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Peter Kiewit Sons', Inc. v. Wall Street Equity Group, Inc.

United States District Court, D. Nebraska

September 29, 2014



JOHN M. GERRARD, District Judge.

This matter is before the Court for findings of fact and conclusions of law based upon the defendants' default (filing 385) and a hearing held pursuant to Fed.R.Civ.P. 55(b)(2)(B) to determine the amount of damages. For the reasons explained below, the Court awards damages to the plaintiff in the amount of $913, 099.46.


The plaintiff, Peter Kiewit Sons', Inc. (Kiewit), is a construction and mining company, and the owner of the service mark "Kiewit, " Registration No. 2, 569, 239. Filing 126 at 1. The primary defendant is Steven S. West, [1] a Florida businessman. Filing 126 at 1-2. Shepherd Friedman, the other individual defendant, is a business associate of West, and the corporate defendants Wall Street Equity Group, Inc. and Wall Street Group of Companies, Inc. are businesses controlled by Friedman and West. Filing 126 at 2. (Primarily West, as the evidence explained below will show.) Generally speaking, to the extent relevant here, the Wall Street entities claim to help small business[2] owners sell their businesses to larger companies.

As part of its operations, Kiewit from time to time acquires other companies in the United States or other parts of the world. Filing 417 at 8-9. That involves investigating and evaluating the potential acquisition. Filing 417 at 9. The first and only actual business conducted between Kiewit and the defendants occurred in the process of such an acquisition in 2008. Filing 417 at 10, 15. Jett Industries, the company being acquired, had responded to an advertisement placed by one of West's businesses (it's not clear which one) and West's company had initiated contact with Kiewit. Filing 417 at 11. Scott Schmidt, Kiewit's vice-president of strategy and development, concluded after speaking with them that West's company did not have any actual expertise in business acquisition, so Kiewit worked directly with Jett Industries to complete the sale. Filing 417 at 7, 12-13. West only appeared at the closing, apparently to collect his fee. Filing 417 at 13-14.

Later that year, a small business owner from Virginia contacted Kiewit and asked if Kiewit was interesting in buying his business. Filing 417 at 17. He explained to Schmidt

that he'd been contacted by Mr. West and that he was told Mr. West performed valuations of companies and that his valuation was the only one that Kiewit would accept and that Mr. West had a Kiewit executive in his board room waiting to talk to [the small business owner] as soon as [he] signed an engagement letter to engage Mr. West's firm to perform a valuation.

Filing 417 at 17. Wall Street Group sent the small business owner a letter, signed by Friedman, claiming to be the "leading private investment bank in America, " and suggesting that based on a "back of the envelope' evaluation" the business could be sold for approximately $20 million dollars. Filing 9 at 10. The letter specifically mentioned that the enclosed information included "[b]ackground on the buyer, Kiewit." Filing 9 at 10. The letter sought to schedule an interview, after which-if Wall Street Group chose to represent the business-the business would be expected to pay $20, 000 to $30, 000 to create an "appraisal and business profile." Filing 9 at 11.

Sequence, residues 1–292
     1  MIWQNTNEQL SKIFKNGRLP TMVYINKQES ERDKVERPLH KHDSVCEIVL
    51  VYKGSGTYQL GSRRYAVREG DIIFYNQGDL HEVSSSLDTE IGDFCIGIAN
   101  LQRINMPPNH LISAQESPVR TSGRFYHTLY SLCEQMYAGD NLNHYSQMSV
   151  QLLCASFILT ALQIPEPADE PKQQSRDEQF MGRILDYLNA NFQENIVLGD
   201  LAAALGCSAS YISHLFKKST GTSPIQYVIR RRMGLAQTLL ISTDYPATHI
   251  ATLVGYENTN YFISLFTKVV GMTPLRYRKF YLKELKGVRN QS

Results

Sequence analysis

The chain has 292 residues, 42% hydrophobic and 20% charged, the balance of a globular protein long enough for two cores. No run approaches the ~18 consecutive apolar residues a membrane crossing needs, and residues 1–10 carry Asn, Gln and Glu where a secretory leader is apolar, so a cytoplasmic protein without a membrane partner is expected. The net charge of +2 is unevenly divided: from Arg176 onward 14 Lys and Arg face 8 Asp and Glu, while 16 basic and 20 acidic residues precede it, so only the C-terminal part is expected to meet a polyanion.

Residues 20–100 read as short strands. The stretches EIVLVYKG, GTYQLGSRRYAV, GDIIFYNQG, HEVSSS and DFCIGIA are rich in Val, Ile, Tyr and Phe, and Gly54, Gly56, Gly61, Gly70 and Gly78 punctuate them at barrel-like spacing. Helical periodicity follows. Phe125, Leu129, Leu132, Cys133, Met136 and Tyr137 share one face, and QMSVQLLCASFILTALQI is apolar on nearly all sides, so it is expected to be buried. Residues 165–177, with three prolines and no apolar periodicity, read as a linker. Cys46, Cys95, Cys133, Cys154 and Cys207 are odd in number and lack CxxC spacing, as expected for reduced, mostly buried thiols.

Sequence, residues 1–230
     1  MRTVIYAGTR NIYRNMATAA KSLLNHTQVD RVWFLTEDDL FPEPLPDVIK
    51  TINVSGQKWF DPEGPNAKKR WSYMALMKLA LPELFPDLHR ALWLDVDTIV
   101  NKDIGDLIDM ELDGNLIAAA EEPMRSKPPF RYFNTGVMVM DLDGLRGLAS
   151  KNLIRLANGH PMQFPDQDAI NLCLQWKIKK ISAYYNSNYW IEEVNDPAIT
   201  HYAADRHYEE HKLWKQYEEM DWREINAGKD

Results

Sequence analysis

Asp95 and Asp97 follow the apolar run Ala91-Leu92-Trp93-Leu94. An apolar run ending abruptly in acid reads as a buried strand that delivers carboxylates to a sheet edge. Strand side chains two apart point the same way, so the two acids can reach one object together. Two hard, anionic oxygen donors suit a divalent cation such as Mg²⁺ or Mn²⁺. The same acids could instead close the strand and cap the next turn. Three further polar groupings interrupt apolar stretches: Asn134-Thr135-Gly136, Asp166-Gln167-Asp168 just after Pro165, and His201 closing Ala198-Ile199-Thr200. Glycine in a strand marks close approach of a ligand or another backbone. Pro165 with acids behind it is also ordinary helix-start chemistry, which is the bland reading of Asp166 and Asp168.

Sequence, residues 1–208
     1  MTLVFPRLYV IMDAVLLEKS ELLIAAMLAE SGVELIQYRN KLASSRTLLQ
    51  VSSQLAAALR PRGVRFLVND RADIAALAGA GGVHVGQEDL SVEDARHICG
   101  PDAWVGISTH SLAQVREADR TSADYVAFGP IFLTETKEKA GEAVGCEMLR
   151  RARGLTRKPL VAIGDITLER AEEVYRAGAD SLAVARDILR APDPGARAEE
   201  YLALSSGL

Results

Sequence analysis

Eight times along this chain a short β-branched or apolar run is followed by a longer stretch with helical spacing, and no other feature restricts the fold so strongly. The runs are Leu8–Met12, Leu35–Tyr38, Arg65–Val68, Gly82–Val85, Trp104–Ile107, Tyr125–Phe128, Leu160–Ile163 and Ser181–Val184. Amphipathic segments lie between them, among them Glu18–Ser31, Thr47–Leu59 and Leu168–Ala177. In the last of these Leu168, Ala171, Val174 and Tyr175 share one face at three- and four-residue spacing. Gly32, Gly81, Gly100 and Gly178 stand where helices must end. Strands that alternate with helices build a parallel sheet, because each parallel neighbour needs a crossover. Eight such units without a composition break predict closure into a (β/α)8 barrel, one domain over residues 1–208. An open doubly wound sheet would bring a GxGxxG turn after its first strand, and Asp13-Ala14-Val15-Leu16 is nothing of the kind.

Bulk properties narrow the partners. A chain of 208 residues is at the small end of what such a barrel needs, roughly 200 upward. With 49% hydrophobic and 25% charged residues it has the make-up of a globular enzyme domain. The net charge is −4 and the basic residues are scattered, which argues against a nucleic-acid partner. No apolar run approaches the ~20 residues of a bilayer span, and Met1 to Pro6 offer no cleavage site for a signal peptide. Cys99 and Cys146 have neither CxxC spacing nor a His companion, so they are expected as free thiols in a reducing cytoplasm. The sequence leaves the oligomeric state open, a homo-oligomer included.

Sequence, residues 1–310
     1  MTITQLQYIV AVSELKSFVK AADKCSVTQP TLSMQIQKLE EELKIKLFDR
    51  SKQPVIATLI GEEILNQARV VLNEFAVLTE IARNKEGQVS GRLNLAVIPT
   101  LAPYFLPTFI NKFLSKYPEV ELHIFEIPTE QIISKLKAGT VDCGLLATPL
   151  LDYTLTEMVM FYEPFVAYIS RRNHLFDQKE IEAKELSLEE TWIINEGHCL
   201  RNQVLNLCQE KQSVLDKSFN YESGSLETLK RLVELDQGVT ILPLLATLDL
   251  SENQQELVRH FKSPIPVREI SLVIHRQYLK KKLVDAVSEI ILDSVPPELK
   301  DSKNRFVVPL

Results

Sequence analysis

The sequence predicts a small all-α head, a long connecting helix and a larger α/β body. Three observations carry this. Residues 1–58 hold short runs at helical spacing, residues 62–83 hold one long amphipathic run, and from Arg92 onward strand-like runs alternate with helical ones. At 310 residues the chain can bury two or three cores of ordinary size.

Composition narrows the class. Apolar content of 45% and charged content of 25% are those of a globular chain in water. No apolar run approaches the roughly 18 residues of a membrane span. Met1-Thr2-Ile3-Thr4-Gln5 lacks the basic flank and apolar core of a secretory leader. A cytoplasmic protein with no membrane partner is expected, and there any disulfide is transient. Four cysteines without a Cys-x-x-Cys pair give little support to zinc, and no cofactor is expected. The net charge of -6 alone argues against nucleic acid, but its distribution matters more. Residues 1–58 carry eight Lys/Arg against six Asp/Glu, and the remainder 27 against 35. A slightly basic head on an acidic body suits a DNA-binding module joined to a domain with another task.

Kiewit's in-house counsel sent Friedman a letter demanding that his company cease use of the Kiewit mark. Filing 9 at 12. In response, Kiewit received a letter from the "Office of General Counsel" of "West Acquisitions and Investment Groups, Inc.", denying that any of its affiliated entities had held themselves out as representing Kiewit. Filing 9 at 13. Kiewit considered the matter closed. Filing 417 at 22.

But in April 2010, Schmidt was contacted by the owner of a small construction company from Wyoming, who said he'd been contacted by another Wall Street entity, and been told "that they had a Kiewit executive sitting in their board room and they were ready to talk to me.'" Filing 417 at 23. That business also received a letter that was signed by West on behalf of Wall Street Equity, but was in all other respects substantially the same as the letter sent to the Virginia business. Filing 9 at 5-6. They also received an email from a email address directing them to "[t]o learn more about the buyer." Filing 9 at 4.

In response, Kiewit filed this lawsuit. Filing 1. A protracted and ugly discovery process ensued that is well chronicled on the Court's docket. Generally summarized, the defendants engaged in evasion and outright deception in attempting to prevent Kiewit from discovering the scope of their activities. As reflected in the Magistrate Judge's findings, recommendation and order of May 18, 2012 (filing 263), West claimed to have only used Kiewit's mark on two occasions, and claimed to have no documentation suggesting otherwise, only to be caught lying. See, e.g., filing 263 at 29-33; see also filing 384 (adopting Magistrate Judge's findings regarding discovery abuses). Kiewit eventually obtained a number of effectively-identical letters using the Kiewit mark to solicit different businesses, and client lists and records suggesting that more letters had been sent that remained undiscovered.

What is known about the scope of West's activities, and what remains unknown, will be discussed in more detail below as it specifically relates to the calculation of damages. For background purposes, it suffices to state a couple of conclusions that the Court finds from the evidence. First, describing the defendants' conduct as "West's activities" is purposeful: West planned and instigated all the misconduct at issue in this case. Second, the scope of West's activities involving the Kiewit mark is widespread: it goes far beyond the instances that West admitted to, and far beyond that which is affirmatively shown by the evidence Kiewit was able to uncover in spite of West's attempts to conceal or destroy it. It involved dozens and perhaps hundreds of solicitations, and at least hundreds of thousands of dollars in fees paid by unsuspecting businesses.

The Magistrate Judge recommended that default be entered against all the defendants "as a sanction for severe and continuing discovery abuses, " and the Court adopted that recommendation. Filing 376 at 1; filing 384. A hearing was then held, pursuant to Fed.R.Civ.P. 55(b)(2), on the issue of damages-both the amount of damages to be awarded, and the apportionment of those damages among the defendants.